Tag : file

Dropbox sets no limit for desktop file storage




Dropbox announced a new initiative at their Open conference on Tuesday called Project Infinite. Project Infinite utilizes a new interface that allows users to see all of the files they have stored in the cloud within their machine’s file explorer. Users will not be required to keep local copies of each document, image, spreadsheet, or other data file, everything stored in Dropbox will be readily available regardless. Just like with any locally stored files, users will be able to move and manage their files in the cloud by moving them around inside the Mac OS X Finder or Windows File Explorer.

The current Dropbox format hasn’t changed much since its initial launch around 7 years ago. This new initiative is a big move for the company as well as the cloud reliant community. Project Infinite would build upon the original functionality of Dropbox and allow users to work with a greater volume of files, without the added hassle. As with anything else, a lot has been left unanswered when it comes to Project Infinite. Dropbox won’t say when it plans to incorporate the new version into the publicly available version of its desktop applications. In addition to the lack of a launch date, the company has not released which customers will be able to use Project Infinite once it does launch.

Dropbox has also released a new File Properties API that allows third party involvement. Users will now be able to apply custom metadata to files stored in Dropbox, enabling security applications such as data migration services and digital loss prevention services.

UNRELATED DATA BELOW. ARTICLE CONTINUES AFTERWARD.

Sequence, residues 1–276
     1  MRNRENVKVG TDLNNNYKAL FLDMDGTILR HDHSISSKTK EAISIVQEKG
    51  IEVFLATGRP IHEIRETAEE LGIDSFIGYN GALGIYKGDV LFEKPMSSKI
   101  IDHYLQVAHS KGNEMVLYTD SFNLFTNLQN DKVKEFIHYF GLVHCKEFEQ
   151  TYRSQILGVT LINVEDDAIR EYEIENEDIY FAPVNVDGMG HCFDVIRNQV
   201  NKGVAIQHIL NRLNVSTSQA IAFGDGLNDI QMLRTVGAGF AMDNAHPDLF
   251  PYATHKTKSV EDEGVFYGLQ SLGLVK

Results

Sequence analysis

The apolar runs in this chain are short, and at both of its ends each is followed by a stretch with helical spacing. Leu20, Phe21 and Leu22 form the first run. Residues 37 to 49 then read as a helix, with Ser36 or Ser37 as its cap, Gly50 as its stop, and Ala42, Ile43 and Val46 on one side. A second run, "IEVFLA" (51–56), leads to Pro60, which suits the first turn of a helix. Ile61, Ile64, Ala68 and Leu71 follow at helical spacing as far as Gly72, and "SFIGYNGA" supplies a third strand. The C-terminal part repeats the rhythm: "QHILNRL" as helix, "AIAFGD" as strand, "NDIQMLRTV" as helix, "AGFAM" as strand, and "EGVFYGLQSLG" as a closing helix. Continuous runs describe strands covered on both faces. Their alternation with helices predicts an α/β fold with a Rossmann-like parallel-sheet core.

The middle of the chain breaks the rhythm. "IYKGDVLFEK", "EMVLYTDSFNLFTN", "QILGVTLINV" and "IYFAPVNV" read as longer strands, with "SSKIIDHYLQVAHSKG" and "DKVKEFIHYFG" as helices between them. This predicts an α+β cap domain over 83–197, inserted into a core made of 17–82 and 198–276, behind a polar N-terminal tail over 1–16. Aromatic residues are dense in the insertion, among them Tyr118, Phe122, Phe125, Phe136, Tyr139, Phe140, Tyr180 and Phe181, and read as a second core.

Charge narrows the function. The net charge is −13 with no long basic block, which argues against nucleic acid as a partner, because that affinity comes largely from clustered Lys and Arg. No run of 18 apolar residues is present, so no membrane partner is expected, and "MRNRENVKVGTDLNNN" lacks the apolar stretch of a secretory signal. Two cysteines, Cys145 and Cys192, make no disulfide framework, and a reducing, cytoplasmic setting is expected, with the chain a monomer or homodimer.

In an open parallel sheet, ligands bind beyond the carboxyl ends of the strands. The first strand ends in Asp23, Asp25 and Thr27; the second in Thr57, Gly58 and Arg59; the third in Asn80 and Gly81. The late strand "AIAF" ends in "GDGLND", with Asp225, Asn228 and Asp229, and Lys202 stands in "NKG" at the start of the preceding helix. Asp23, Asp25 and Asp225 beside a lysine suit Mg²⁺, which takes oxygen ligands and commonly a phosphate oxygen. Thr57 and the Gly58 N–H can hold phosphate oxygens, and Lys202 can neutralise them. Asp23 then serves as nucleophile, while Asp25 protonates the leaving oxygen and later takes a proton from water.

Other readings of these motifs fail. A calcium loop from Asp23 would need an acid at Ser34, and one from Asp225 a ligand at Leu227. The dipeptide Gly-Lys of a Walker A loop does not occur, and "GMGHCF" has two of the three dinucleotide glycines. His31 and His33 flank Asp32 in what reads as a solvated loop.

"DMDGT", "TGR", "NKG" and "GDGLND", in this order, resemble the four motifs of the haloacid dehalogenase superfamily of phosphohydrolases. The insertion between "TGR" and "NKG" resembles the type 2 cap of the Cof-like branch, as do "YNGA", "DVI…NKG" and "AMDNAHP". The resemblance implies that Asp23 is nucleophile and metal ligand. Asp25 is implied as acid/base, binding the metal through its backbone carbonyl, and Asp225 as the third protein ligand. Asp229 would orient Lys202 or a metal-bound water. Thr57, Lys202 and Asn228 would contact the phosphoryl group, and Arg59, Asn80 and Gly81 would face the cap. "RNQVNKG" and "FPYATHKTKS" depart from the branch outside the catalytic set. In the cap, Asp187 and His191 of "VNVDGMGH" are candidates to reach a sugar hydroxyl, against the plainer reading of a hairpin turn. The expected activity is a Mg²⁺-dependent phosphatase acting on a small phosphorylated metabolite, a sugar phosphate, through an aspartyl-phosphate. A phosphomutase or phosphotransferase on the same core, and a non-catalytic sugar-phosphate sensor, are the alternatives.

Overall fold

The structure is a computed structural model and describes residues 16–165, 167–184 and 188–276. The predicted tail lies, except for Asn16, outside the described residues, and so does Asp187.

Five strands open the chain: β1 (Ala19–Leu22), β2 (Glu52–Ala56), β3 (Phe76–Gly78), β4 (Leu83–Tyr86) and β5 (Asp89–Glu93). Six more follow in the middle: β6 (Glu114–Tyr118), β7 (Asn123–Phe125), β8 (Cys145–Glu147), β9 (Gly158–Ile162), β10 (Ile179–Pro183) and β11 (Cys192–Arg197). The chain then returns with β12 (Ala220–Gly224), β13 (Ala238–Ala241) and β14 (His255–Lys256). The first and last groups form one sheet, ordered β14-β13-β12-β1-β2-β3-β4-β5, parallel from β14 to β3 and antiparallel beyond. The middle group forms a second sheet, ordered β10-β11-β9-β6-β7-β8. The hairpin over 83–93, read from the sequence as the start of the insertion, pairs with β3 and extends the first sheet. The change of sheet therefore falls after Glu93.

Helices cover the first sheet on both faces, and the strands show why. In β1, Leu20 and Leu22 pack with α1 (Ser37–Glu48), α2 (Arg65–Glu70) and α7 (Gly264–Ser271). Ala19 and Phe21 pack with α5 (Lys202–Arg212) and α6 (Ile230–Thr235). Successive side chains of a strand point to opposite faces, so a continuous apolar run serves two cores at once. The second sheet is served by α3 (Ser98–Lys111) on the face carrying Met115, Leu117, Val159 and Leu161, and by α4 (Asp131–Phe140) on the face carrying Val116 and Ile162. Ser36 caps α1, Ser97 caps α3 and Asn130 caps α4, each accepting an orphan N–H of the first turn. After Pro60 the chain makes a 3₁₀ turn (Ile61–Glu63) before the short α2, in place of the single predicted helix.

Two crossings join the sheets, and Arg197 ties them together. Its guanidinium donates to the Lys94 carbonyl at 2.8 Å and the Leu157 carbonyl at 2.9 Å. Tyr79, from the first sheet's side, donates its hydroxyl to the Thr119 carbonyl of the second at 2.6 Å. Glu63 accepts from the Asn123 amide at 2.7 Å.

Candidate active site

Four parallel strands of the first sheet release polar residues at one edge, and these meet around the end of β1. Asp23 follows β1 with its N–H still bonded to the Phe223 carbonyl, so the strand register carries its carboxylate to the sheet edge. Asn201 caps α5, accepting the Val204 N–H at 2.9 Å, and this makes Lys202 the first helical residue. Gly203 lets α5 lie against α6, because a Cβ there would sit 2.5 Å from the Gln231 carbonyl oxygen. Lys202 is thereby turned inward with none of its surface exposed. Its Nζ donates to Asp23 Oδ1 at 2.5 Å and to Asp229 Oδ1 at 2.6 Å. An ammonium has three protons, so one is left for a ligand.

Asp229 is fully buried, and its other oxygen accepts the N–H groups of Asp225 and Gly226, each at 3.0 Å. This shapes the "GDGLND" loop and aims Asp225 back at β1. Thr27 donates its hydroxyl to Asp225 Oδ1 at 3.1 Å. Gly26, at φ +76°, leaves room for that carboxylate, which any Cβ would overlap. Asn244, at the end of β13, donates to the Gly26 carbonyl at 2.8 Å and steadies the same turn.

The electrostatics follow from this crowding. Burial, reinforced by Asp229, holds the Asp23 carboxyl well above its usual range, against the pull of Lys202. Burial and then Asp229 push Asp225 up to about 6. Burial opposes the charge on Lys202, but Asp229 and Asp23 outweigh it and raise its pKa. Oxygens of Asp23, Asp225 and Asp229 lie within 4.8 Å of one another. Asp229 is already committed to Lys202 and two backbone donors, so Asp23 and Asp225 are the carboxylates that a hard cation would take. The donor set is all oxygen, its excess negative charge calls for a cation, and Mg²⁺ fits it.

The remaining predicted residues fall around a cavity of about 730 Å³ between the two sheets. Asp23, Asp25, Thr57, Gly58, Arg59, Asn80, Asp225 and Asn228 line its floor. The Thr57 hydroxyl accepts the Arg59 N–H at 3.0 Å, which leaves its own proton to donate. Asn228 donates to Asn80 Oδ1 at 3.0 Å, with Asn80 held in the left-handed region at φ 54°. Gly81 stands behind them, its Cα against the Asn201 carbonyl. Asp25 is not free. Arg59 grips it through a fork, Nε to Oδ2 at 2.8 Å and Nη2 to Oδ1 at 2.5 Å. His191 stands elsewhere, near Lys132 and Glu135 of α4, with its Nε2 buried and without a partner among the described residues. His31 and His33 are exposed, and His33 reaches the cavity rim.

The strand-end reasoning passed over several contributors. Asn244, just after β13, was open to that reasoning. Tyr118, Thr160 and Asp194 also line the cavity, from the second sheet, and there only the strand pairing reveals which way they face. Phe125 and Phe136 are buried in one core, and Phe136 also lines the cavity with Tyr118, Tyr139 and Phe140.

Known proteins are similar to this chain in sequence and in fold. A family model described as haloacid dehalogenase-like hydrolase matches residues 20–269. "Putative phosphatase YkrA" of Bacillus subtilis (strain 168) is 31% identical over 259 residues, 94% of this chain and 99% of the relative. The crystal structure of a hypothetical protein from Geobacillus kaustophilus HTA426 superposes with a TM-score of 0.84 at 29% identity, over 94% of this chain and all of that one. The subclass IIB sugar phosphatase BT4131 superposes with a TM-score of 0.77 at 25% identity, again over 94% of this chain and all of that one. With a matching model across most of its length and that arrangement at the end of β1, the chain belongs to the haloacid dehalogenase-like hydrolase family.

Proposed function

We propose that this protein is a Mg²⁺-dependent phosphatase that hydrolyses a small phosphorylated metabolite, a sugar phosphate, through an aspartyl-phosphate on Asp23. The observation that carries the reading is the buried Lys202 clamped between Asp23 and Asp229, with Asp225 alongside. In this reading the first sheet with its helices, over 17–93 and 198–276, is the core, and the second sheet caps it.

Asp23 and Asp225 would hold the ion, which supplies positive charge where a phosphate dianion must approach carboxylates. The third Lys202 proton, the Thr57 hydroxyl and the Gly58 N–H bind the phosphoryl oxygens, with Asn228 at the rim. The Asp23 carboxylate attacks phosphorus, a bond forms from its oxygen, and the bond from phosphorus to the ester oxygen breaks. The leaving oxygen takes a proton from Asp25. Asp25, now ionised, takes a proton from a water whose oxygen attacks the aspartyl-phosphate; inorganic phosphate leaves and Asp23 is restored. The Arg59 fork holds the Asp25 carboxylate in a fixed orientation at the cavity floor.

Dropbox has entertained the idea of paid cloud storage, trying to persuade businesses to choose Dropbox over other cloud storage options. Pushing hard for commercial adoption leaves the possibility that this new interface may be completely unavailable without subscription.

Guess we’ll just have to wait and see.


If you would like to educate yourself in more detail about the information presented in this blog post please visit: Dropbox wants to stretch desktop file storage to infinity


Hyper-V: Shrinking a VHD

If you are using Hyper-V virtual machine, with thin provisioned (or dynamic) virtual disks, you may find yourself needing to compact those virtual disk files (.VHD) to reclaim free space.

Typically you would compact a virtual hard disk in situations such as the following:

  • After you install the guest operating system (which uses many temporary files)
  • After you delete large amounts of data
  • When you are preparing the virtual hard disk for archiving, for deployment to another computer or CD-ROM, or for distribution

To ensure that you get the smallest possible file size when you compact the virtual hard disk, you need to do some file system maintenance before you compact the disk. In the guest operating system of the virtual machine that is using the disk you want to compact, do the following:

  • Remove any temporary folders or unwanted folders or files.
  • Empty the Recycle Bin.
  • Defragment the disk.

Note that when running a defrag, you will actually grow the .VHD file prior to compacting, so make sure the host server has enough free space to accommodate it.

Shut down the VM, then go to the settings and go to the disk settings and click edit. This will bring up the disk edit wizard and the keep the first selected option, Compact.

Depending on the size of the .VHD file, and the available “white space” within the file, compacting may take a significant amount of time. So be sure to plan your downtime accordingly.

You may receive the error message “The system failed to compact disk.vhd. Error Code: The requested operation could not be completed due to a file system limitation” when attempting to compact the .VHD file.
First, check to see that there are no VSS backups on the VHD by running a “vssadmin list shadows” command in an elevated command prompt.

Second, delete any VSS backups that are present by running “vssadmin delete shadows /all“. If this fails to delete the VSS backups, you may need to resort to the “DiskShadow” utility in WS2K8 and WS2K8R2. (There’s some more information on DiskShadow here (free registration required) and also here.)